Meaningful symptomatic change in patients with myelofibrosis from the SIMPLIFY studies

Stacie Hudgens*, Srdan Verstovsek, Lysbeth Floden, Claire N. Harrison, Jeanne Palmer, Vikas Gupta, Donal McLornan, Mary Frances McMullin, Jean Jacques Kiladjian, Lynda Foltz, Uwe Platzbecker, Maria Laura Fox, Adam J. Mead, David M. Ross, Stephen T. Oh, Andrew A. Perkins, Michael F. Leahy, Samineh Deheshi, Rafe Donahue, Barbara J. KlenckeRuben A. Mesa

*Corresponding author for this work

Research output: Contribution to journalArticlepeer-review

1 Citation (Scopus)

Abstract

Objectives: Patients with myelofibrosis develop symptoms due to bone marrow fibrosis, systemic inflammation, and/or organomegaly. Alleviating symptoms improves overall quality of life. Clinical trials have historically defined symptom response as a reduction of at least 50% in Total Symptom Score at week 24 compared with baseline. Whether 50% constitutes a meaningful benefit has not been established. This study determined the meaningful change threshold (MCT) for 2 momelotinib phase III trials, SIMPLIFY-1 and SIMPLIFY-2. 

Methods: The absolute and percentage MCT was determined using anchor-based methods applied to the modified Myeloproliferative Neoplasm Symptom Assessment Form v2.0 and Patient Global Impression of Change. MCTs were applied retrospectively to determine responder rates. Generalized estimating equations estimated the treatment-related difference in likelihood of improvement.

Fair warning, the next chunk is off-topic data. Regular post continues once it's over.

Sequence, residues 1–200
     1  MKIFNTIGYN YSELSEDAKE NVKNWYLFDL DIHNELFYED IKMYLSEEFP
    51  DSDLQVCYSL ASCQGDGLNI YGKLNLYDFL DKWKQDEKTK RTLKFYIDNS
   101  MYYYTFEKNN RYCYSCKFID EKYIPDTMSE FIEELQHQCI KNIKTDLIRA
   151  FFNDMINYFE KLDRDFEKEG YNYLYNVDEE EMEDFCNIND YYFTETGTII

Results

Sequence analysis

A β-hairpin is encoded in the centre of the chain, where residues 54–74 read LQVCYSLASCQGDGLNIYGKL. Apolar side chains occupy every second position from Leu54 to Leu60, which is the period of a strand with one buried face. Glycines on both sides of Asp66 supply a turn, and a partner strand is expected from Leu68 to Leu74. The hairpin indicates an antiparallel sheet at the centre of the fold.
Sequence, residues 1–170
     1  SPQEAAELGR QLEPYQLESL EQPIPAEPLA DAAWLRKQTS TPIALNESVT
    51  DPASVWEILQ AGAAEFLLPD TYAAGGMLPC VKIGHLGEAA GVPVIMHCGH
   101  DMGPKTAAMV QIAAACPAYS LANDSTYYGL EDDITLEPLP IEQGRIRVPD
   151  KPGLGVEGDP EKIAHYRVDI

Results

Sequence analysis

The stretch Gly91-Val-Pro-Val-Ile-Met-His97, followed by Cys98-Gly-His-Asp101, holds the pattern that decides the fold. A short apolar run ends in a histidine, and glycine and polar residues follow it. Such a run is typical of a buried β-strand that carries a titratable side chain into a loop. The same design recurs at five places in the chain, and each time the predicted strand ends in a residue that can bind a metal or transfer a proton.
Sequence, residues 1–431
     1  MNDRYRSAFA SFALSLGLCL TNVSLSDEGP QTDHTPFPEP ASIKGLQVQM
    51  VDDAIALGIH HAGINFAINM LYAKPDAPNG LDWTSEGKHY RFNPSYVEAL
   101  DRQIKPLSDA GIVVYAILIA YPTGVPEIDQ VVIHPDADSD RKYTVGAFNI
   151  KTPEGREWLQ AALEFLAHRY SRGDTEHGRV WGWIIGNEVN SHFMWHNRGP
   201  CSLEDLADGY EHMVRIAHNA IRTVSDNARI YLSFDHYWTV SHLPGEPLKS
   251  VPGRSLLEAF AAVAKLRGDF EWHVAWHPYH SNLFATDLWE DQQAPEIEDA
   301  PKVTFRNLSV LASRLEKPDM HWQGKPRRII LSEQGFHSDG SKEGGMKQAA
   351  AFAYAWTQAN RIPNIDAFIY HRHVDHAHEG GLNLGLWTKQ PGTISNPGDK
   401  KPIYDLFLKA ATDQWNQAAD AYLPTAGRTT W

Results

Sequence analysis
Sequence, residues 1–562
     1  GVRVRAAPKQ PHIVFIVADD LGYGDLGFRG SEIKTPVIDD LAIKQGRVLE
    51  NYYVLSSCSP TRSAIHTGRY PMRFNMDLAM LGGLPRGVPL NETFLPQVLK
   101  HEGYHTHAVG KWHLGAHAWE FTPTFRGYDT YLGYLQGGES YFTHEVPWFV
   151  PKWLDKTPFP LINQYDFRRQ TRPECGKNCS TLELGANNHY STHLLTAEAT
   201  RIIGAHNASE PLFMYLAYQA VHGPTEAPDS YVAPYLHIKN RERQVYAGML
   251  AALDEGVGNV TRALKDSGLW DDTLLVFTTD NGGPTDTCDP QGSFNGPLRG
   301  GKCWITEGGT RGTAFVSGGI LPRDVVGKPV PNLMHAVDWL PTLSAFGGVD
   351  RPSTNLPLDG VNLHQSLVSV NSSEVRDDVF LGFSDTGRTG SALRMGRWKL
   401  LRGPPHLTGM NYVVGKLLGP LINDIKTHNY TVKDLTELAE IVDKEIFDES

Results: In SIMPLIFY-1, a Janus kinase inhibitor-naive population, the MCT was 8 points. In SIMPLIFY-2, a previously Janus kinase inhibitor-treated population, the MCT was 6 points. A 32% MCT was determined in both studies, showing that the historic 50% reduction threshold may be a conservative choice. In SIMPLIFY-1, a similar proportion of patients achieved responder status with 24 weeks of momelotinib or ruxolitinib therapy based on the absolute MCT (39% vs 41%, respectively). In SIMPLIFY-2, a significantly greater proportion of patients treated with momelotinib achieved responder states compared with best available therapy based on absolute and percent change MCTs. 

Conclusions: This study demonstrates that momelotinib provided clinically meaningful symptom benefit for patients with myelofibrosis and provides insight into the appropriateness of the symptom change threshold used in historical studies.

Original languageEnglish
JournalValue in Health
Early online date02 Feb 2024
DOIs
Publication statusEarly online date - 02 Feb 2024

Bibliographical note

Funding Information:
This study was funded by Sierra Oncology, a GSK company. Writing support was provided by Second City Science and Jarin Chu, PharmD, PhD (Nucleus Global, an Inizio Company), in accordance with the International Committee of Medical Journal Editors and Good Publication Practice guidelines and was supported by GSK. The authors also thank the patients and families who participated in the trial and all study investigators and site staff.

Publisher Copyright:
© 2024 International Society for Pharmacoeconomics and Outcomes Research, Inc.

Keywords

  • Janus kinase inhibitor
  • meaningful change threshold
  • momelotinib
  • myelofibrosis

ASJC Scopus subject areas

  • Health Policy
  • Public Health, Environmental and Occupational Health

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